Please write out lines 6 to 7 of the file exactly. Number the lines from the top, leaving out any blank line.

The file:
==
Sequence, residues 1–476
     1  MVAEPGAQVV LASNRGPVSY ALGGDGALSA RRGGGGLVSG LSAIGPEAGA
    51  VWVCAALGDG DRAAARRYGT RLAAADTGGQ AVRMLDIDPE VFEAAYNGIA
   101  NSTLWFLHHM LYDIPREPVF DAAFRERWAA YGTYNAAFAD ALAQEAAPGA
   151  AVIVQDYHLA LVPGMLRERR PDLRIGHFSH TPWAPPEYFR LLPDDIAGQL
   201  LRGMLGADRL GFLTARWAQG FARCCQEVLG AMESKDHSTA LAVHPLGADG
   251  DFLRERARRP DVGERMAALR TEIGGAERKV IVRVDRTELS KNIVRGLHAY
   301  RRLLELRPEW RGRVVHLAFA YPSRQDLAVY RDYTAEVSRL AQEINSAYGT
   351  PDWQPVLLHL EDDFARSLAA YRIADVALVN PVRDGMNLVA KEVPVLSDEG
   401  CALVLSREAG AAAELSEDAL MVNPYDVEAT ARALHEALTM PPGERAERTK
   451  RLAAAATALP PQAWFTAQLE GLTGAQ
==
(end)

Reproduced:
   201  LRGMLGADRL GFLTARWAQG FARCCQEVLG AMESKDHSTA LAVHPLGADG
   251  DFLRERARRP DVGERMAALR TEIGGAERKV IVRVDRTELS KNIVRGLHAY